Wednesday, June 23, 2010

Need for Veterinarians in Public Health

Public health is inextricably linked by the interactions of people, animals, and with the surrounding, is particularly more in regions where animals are utilized in transportation, fuel, proteins, cloth etc. However, this can lead to a serious risk and spreads contagious diseases to public health. Veterinarians have a crucial role in controlling and addressing the interface of these areas and infectious diseases, which have implications on human health as well as that of livestock.

In this 21st century, about 75% of the new diseases that have affected humans over the past 10 years have been caused by pathogens originating from an animal or from products of animal origin. Many of these diseases include zoonotic diseases, food- or waterborne illnesses, and bioterrorism. The outbreaks of SARS, Avian Influenza, Swine flu, Rabies teaching us to integrate animal and public health surveillance. Thus a strong interaction between human and veterinary medicine is necessary for implementing effective public health programs that address the factors influencing the health security such as the international movement of people, animals, and animal products; globalization of food supply chain; antimicrobial resistance of pathogens; climate and environmental changes including those affecting wildlife; interaction between produce production areas and domestic livestock and wildlife; and national and global security.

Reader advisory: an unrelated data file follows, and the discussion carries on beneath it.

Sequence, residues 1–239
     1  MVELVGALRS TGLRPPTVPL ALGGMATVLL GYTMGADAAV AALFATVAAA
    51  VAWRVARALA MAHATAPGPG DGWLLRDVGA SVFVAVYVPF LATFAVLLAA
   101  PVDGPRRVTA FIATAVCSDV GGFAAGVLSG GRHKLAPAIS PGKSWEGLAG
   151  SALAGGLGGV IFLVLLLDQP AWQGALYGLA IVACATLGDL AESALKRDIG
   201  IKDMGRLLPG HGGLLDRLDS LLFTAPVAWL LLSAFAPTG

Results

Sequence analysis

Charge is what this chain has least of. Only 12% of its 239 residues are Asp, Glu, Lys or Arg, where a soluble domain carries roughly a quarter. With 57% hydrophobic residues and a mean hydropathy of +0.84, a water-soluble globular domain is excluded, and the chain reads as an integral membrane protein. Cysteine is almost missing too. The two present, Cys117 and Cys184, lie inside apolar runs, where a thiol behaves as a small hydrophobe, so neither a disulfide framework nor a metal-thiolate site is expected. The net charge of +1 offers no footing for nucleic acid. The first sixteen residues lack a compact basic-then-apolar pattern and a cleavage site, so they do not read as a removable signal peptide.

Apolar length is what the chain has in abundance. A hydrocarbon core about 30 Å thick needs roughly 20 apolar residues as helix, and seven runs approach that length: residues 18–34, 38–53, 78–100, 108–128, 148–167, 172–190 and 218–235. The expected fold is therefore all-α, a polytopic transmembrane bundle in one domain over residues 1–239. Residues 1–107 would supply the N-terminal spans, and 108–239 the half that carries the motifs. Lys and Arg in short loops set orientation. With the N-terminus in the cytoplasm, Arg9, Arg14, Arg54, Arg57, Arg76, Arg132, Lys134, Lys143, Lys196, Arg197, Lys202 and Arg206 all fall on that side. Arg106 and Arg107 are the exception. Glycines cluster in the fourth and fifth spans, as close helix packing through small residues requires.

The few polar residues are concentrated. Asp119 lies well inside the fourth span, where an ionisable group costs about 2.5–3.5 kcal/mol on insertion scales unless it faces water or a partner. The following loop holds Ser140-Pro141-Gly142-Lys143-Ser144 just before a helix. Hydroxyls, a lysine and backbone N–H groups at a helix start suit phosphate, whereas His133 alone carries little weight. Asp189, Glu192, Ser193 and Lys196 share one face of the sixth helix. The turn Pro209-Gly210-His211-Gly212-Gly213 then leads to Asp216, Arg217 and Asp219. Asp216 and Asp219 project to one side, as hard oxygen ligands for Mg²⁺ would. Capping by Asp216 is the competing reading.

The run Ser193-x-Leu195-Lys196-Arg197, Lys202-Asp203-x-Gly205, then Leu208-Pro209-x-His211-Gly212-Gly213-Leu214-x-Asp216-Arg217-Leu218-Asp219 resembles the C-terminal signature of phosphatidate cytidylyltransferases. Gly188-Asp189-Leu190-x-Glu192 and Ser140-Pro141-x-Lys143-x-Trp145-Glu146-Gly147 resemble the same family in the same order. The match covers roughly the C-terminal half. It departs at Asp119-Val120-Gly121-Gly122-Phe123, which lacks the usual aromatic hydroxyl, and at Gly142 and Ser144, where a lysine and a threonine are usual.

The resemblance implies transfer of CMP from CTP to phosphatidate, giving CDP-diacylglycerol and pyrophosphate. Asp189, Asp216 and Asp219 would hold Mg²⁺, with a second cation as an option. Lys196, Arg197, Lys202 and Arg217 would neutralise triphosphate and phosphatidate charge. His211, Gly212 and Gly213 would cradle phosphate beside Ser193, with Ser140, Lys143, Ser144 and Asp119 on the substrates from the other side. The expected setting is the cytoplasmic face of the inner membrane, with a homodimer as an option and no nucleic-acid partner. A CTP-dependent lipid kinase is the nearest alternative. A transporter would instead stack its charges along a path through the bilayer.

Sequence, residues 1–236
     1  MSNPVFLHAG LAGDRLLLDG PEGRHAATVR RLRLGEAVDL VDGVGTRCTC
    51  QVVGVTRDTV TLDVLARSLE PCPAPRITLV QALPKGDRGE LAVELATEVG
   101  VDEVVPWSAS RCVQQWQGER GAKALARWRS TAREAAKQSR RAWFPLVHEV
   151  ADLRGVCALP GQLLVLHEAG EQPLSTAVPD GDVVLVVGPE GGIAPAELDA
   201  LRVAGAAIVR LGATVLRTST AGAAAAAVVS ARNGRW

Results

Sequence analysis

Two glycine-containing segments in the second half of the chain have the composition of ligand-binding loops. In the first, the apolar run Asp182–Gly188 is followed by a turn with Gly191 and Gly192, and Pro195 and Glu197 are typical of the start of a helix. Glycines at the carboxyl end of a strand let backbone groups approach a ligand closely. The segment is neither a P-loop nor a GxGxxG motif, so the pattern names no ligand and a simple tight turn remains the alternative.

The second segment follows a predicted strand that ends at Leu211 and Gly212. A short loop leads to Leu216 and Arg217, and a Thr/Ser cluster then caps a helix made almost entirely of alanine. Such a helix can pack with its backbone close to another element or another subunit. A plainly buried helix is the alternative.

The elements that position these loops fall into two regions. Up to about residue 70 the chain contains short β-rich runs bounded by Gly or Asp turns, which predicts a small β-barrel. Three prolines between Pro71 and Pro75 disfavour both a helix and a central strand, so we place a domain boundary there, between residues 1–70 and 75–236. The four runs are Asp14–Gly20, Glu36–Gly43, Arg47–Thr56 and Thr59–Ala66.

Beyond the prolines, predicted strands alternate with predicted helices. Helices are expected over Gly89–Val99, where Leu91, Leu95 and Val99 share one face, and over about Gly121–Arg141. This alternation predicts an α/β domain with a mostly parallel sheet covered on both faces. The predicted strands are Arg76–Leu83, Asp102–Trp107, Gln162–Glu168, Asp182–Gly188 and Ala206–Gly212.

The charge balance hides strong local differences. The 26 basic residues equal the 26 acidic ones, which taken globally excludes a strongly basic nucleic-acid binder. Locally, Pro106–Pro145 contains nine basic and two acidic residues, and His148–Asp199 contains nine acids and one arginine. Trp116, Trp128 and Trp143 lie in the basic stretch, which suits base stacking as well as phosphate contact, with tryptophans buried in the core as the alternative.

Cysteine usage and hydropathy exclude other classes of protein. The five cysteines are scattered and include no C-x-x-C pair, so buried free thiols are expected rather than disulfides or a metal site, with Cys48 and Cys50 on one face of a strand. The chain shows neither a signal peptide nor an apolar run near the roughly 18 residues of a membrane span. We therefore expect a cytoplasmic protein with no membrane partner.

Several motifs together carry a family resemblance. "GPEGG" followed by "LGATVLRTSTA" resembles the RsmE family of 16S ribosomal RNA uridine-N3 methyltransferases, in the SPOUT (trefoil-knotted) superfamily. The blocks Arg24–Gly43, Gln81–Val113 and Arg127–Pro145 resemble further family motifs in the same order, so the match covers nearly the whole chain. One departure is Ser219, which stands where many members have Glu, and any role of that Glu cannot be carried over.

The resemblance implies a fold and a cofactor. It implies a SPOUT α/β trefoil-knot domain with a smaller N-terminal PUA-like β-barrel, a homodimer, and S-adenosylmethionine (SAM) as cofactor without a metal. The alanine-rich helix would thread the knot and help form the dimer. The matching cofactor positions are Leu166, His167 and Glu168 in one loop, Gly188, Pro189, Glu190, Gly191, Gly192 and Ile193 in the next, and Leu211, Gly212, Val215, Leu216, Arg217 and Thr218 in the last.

Veterinary Services is particularly important in areas with inaptly low health service coverage, as is often the case in rural settings of low income countries. One example of collaboration between public health and veterinary services is in providing child vaccination, one of the most cost effective health interventions, in developing countries. In southern Sudan, the Expanded Programme on Immunization shared cold chain equipment with the veterinary service, and the International Red Cross has implemented vaccination campaigns using veterinarians' vehicles. Similar collaborations have been implemented during humanitarian crises such as droughts or civil wars. However, these are unfortunately not highlighted or well documented.

Thus, Veterinary public health is an essential part of public health and includes various types of cooperation between the disciplines that link the health triad, people-animals-environment, and all of its interactions.

Sr. Executive-VJI